How much for a pristine Super Graphic?
I am in the long-term market for 4x5, meaning I am not prepared to start shooting and so can wait years for a pristine camera to fall into my lap.
How much would you pay for this Super Graphic, assuming it is in as good shape as the guy says?
Last edited by pbromaghin; 07-20-2012 at 04:29 PM. Click to view previous post history.
It is worth whatever you are willing to pay
If it is really that clean, no light leaks, and the shutter works. Check for scuffs on the leather, they are signs of abuse or wear.
The shutter may be slow if it really is that unused. Offer less if the shutter does not cock and fire because you will need to get a CLA.
Warning!! Handling a Hasselblad can be harmful to your financial well being!
Nothing beats a great piece of glass!
I leave the digital work for the urologists and proctologists.
Or more, if someone pays more.
Originally Posted by rjs003
I paid about $130 for a similar one that is in terrible, ugly shape, without a lens, but working perfectly. The clean condition of this one might attract someone who values that but as Sirius said something that nice looks hardly used. Not always good for such an old camera. If you do not need a pretty camera wait and find one from a reputable source that might look more used but works and might be cheaper.
As a faithful follower of Adam Smith, I am aware of price theory. Note that I asked not what it is worth, but what others would be willing to pay. What I would be willing to pay is undetermined and is hopefully to be influenced by answers to this question. What knowledgeable people would pay for an object is valuable information to have before entering into a transaction.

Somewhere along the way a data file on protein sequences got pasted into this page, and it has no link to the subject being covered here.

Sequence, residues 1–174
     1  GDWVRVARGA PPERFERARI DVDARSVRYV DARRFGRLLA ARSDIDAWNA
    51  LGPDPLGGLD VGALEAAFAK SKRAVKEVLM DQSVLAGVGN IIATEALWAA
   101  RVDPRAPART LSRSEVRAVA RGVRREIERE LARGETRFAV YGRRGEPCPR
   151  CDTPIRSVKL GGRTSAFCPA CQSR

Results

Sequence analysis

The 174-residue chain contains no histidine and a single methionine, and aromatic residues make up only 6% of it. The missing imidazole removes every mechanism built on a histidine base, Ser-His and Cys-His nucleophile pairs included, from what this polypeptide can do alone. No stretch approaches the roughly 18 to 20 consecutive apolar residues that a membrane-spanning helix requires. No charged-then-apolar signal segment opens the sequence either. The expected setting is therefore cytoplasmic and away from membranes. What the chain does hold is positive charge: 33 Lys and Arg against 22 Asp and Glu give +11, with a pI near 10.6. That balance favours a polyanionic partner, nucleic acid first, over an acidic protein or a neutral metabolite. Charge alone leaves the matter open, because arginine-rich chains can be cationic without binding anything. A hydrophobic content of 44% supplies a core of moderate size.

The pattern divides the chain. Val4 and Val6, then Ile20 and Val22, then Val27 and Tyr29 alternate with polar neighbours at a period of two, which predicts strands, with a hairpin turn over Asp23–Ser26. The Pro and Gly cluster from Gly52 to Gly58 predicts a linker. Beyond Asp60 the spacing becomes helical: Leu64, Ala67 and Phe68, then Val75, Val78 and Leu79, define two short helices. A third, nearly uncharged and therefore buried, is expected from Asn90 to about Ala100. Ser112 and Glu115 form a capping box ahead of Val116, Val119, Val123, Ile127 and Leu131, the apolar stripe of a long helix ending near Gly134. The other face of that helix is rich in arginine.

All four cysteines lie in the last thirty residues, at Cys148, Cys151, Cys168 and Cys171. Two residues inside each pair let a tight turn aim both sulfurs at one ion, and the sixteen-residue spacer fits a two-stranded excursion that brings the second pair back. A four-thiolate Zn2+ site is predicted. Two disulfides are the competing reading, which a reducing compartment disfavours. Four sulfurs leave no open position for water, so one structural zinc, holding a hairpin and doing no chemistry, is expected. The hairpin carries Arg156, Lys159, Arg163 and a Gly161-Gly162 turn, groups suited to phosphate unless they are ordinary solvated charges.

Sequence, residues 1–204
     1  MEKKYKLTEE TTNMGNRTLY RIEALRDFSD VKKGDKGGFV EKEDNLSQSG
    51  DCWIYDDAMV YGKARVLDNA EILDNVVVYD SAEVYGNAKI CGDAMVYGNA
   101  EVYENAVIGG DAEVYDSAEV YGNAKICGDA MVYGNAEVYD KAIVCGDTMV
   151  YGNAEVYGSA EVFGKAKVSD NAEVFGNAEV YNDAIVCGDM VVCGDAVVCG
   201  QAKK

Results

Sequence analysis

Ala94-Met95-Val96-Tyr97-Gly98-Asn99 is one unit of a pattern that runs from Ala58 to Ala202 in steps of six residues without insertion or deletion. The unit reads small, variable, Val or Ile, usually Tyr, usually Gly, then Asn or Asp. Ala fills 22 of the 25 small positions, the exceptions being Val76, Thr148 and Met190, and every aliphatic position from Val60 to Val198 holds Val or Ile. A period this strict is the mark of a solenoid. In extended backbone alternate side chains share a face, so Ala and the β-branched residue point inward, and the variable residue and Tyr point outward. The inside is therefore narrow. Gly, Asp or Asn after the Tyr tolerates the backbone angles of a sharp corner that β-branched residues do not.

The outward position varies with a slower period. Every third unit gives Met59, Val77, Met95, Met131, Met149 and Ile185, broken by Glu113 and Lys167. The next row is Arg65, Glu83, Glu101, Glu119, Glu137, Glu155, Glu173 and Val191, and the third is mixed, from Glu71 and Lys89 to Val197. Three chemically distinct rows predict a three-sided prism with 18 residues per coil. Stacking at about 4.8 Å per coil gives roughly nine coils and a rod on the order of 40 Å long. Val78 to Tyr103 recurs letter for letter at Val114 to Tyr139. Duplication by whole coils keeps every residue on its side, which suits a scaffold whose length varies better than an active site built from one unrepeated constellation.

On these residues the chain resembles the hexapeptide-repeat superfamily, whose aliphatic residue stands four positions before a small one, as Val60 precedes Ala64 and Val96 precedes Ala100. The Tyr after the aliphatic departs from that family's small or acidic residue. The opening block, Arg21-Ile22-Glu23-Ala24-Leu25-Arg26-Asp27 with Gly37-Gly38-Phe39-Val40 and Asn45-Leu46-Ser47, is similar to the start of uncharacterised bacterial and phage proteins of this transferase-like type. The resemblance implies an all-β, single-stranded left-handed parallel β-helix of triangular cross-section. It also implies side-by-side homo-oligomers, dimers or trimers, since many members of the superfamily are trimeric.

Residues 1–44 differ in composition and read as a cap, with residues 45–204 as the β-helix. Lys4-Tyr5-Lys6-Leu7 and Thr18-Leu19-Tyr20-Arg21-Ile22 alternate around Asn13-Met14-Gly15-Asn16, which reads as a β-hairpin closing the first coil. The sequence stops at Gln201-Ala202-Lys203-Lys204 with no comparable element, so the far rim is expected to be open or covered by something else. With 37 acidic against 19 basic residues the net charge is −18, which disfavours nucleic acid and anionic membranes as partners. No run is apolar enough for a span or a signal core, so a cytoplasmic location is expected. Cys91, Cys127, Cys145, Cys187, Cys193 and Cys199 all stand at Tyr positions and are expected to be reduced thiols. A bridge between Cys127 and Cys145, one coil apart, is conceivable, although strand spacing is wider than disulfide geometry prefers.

Originally Posted by rjs003
Last edited by pbromaghin; 07-20-2012 at 05:28 PM. Click to view previous post history.
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Assuming it is as nice as he says it is and the shutter works, it is probably worth what he is asking if he sold it on Ebay. I don't know what Denver is like but in St. Louis large format equipment seems to go for less on Craigslist.
Shoot him an offer. The worst he can say is no.
I wouldn't put off not shooting just to wait for a camera. Seize the moment. What is here today may not be here tomorrow. From a historical standpoint, many people get involved in the format and drop out due to one reason or another. You'll never know if it's for you until you buy something and get going. The camera is just a box to hold a lens and film holder. Buy film, shoot, keep it alive.
I owned a Super Graphic, nice camera but limited in movements. Get something with more options like a true field camera. Just my POV.
Good morning, pbromaghin;
An interestingly phrased question.
In my case, I was sent a damaged Super Speed Graphic. No charge for the camera or the shipping. But it did have some problems. So, a little over $400 later, I have a fairly nice working camera. However, in this case, I must admit that there is a personal relationship involved here, and the equivalent sentimental value of the camera has not yet been assessed.
So, yes, I do have a very nice working Super Speed Graphic, but I still prefer using my "Joe Rosenthal" camera more; a 1945 Anniversary Edition Speed Graphic.
Ralph Javins, Latte Land, Washington
There is no digital effect or computer program or an "add-on" or "plug-in" for Adobe PhotoShop
Creative Suite 5, that can simulate or equal watching the magic that happens in the developing
tray when you can turn on the safe light, and see the image begin to faintly form on the print and
come up on that paper in the developing tray.
If it truly is mint, and depending a little on the box condition, it's not an unreasonable asking price.
However, if you're in the market for a user, this may not be the best choice if you're concerned about preserving its value.
Snag it! These don't show up very often at all. A few years ago I watched a similar Super Graphic go for the price of a new Toyo 45AX on eBay. If you want a pristine camera, this is it. Do it!